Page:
'Perfectly Imperfect': Ogino Naoyuki (1975)


 Ogino’s works are made by using the technique of salt printing, the first photographic printing techniques used in the 1830s during the time of the invention of photography. In those times it was a struggle how to fixate the image that appeared after exposing the negative to sunlight. One had to overcome the impermanence of the image. Ogino fixates his quiet and intimate images printed on thin washi paper with natural bee’s wax, resulting in the paper becoming translucent, which gives the works an ethereal atmosphere. The sepia color of Ogino’s prints are inherent to the technique of salt printing and evoke a feeling of the passage of time, ‘mono no aware’.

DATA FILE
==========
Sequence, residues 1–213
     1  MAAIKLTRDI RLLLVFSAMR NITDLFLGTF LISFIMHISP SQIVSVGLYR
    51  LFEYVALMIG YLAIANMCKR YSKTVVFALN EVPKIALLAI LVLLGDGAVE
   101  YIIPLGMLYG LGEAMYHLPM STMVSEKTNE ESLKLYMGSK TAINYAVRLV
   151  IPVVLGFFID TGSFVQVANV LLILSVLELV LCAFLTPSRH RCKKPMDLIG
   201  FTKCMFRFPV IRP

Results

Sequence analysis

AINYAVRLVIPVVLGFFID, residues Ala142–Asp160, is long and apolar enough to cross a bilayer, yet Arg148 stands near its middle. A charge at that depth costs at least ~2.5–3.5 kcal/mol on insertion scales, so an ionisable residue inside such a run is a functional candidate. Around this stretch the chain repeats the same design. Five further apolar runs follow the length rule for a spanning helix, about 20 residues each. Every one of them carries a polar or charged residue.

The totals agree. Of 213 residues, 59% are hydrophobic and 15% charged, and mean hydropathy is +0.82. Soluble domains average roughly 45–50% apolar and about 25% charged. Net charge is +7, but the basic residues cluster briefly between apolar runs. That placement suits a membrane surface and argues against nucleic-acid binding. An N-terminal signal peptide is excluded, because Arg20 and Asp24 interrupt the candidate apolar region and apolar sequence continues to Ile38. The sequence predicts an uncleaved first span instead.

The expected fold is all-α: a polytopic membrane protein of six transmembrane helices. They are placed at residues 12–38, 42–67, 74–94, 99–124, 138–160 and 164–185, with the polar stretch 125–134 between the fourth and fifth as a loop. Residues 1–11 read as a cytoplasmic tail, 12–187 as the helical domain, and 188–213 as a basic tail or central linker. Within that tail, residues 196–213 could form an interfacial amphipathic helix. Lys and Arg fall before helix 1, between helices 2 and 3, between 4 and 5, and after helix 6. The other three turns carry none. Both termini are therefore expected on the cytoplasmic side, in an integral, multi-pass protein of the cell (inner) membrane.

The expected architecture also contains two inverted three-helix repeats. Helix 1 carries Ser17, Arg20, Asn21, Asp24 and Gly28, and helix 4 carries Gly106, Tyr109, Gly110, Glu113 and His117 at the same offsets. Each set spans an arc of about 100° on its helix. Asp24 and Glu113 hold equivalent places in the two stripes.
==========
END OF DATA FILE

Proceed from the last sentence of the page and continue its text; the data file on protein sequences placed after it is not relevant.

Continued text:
For this exhibition, Ogino decided to reflect on wabi-sabi through water. Ogino feels that “wabi-sabi is based on a sense of solitude, melancholy, simplicity and finds part of its beauty in the transience or impermanence of the human world. Water is indeed impermanent, melancholic and minimally simple. On the other hand, water is also the essence of our body (more than 60% is water), and I believe that it has the power to remind us of the nature of flux, rebirth or oneness".